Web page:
Thursday, September 9, 2010

Less Ego = Less Effort

The class I took today was introduced with the idea that the authentic self might not require so much ego at the center of everything. That this idea of "I" could actually get in the way of the yoga practice! Perhaps it is the way that thoughts have of turning towards judgment, comparison or criticism when they focus on the self. Maybe its that slight fictional quality of the way the mind looks at the self that tampers with the experience in the moment. It was interesting to pay attention to information that arose about the ego throughout the asana sequences, throughout the remembering and forgetting of the breath, in the middle of extending from the toe mound of the little toe or from the base of the spine, while finding one side responding differently than the other.

One remarkable effect of this little bit of attention to when and how the ego stepped in, or commented, was to notice how little it did for the practice. That judgmental quality, even the "wow this is better than I thought" idea, does not bring more energy or less stress to the physical self. What does it do for the emotional self? Is it useful in some other way? A question to investigate for yourself. I found that letting go of the ego, the mind, the "how do I look now" of the asana, the "what will this hip do" part too, relaxed me even within the strenuous qualities of sustaining or moving my body. My mind seemed relieved of that duty, and begin to notice new things about the breathing in the room, about the textures of the sounds, and even about my own alignment.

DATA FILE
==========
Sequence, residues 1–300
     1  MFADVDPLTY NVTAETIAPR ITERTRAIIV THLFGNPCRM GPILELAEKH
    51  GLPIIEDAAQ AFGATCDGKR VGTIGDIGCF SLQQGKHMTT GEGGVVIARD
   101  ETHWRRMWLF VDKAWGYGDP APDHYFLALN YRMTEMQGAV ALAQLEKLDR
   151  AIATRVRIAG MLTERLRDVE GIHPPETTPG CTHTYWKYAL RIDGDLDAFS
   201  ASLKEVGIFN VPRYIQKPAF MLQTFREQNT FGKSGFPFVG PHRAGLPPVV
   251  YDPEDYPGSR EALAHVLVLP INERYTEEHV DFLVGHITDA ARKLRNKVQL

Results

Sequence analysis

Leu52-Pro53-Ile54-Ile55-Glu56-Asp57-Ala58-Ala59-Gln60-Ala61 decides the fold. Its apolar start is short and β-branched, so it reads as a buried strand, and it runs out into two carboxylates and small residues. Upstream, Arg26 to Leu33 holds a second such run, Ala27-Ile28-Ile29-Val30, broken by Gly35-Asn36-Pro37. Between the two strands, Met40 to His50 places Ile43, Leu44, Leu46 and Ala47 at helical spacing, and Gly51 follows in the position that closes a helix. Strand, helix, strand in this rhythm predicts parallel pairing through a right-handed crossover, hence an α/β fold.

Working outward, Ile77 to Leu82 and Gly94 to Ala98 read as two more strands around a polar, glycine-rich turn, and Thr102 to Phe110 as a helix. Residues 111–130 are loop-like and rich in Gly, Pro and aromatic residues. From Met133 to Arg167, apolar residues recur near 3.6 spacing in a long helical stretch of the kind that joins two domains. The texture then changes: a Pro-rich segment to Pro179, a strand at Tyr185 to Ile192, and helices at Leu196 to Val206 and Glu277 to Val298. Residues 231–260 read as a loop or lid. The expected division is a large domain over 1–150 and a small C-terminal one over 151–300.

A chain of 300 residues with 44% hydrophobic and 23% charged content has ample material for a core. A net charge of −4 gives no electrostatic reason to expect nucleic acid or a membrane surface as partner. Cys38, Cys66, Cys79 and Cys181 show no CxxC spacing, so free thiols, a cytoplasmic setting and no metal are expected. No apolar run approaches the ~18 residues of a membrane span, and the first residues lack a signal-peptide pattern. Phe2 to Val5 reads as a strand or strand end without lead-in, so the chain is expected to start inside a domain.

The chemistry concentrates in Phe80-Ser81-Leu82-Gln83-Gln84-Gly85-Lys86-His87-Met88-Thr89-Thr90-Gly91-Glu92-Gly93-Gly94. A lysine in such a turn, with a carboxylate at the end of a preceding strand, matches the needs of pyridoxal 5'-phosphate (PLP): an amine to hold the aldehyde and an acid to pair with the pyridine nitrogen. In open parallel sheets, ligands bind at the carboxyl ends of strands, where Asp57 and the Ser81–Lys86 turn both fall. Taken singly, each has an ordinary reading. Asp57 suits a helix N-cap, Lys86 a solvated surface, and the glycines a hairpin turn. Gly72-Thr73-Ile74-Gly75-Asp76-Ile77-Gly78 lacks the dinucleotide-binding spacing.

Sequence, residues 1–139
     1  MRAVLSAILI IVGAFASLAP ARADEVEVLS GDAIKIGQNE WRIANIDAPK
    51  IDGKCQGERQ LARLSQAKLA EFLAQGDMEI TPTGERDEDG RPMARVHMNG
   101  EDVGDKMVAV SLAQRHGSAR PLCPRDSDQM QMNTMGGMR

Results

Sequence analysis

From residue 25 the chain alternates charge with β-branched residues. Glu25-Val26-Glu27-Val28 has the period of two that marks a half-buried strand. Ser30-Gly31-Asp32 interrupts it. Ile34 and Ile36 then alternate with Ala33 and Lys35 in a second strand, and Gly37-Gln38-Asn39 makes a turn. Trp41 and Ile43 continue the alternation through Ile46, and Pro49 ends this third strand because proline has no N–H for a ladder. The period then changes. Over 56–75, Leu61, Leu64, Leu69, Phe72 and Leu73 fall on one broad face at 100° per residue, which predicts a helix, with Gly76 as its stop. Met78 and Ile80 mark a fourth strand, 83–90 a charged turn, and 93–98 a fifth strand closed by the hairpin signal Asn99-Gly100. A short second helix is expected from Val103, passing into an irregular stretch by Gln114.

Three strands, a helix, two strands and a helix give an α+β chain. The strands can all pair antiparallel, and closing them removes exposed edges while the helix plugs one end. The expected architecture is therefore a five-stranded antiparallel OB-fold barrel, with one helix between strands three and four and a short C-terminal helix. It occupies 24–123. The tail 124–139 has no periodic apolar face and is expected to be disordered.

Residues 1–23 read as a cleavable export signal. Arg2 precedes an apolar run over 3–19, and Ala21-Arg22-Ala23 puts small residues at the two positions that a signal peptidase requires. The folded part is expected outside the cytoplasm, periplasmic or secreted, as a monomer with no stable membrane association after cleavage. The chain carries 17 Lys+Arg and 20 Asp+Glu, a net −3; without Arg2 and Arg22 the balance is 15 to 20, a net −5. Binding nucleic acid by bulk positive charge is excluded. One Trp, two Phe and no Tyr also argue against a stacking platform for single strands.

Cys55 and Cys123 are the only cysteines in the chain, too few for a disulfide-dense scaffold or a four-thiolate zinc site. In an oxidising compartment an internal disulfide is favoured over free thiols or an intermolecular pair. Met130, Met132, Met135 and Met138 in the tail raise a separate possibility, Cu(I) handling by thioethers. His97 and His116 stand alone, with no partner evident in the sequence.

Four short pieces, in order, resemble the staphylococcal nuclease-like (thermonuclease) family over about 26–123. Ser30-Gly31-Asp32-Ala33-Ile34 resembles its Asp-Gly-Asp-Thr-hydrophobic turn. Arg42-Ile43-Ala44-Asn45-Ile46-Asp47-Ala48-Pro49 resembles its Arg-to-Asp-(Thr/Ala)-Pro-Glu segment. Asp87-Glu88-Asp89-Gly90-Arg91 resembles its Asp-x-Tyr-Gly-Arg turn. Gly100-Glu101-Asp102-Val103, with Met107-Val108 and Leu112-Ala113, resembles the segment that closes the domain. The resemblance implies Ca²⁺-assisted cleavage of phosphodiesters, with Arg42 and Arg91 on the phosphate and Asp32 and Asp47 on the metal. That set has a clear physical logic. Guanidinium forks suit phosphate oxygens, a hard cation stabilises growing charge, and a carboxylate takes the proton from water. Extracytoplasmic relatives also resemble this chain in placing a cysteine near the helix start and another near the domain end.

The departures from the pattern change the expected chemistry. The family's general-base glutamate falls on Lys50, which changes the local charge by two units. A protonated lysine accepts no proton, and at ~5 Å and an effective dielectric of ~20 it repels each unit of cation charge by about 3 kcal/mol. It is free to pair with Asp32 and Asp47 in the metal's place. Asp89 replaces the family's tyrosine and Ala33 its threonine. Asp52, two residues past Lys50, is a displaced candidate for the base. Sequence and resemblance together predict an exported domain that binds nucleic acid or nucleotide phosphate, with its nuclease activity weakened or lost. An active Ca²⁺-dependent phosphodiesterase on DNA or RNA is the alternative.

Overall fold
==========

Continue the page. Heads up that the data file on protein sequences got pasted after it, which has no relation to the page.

It is hard to let go of the competition with oneself, fears of what judgments from other's might be, and of the measuring of one's self against everyone and everything that seems outside the self. It is just as hard to let go of the grasping towards the story the mind wants to tell. If we can allow ourselves to understand that this is story and not the experience in this moment, it takes a lot less effort to swim through the hard stuff. There is resistance to letting go of the separations and definitions, even the concepts of "good" and "bad" or "flexible" and "inflexible." Without the judging, comparing, critical mind, what is simply is what it is. This might be more breaths in headstand than you ever thought you could do. It might mean falling over in an attempt to revolve your Ardha Chandrasana. Yet without the ego, it is effortless to move in and out of these situations. There is no pain or shame or inflated expectation involved. It is this freedom of taking things just as they are ... in a state of constant flux and possibility -- where effortless effort comes to life.

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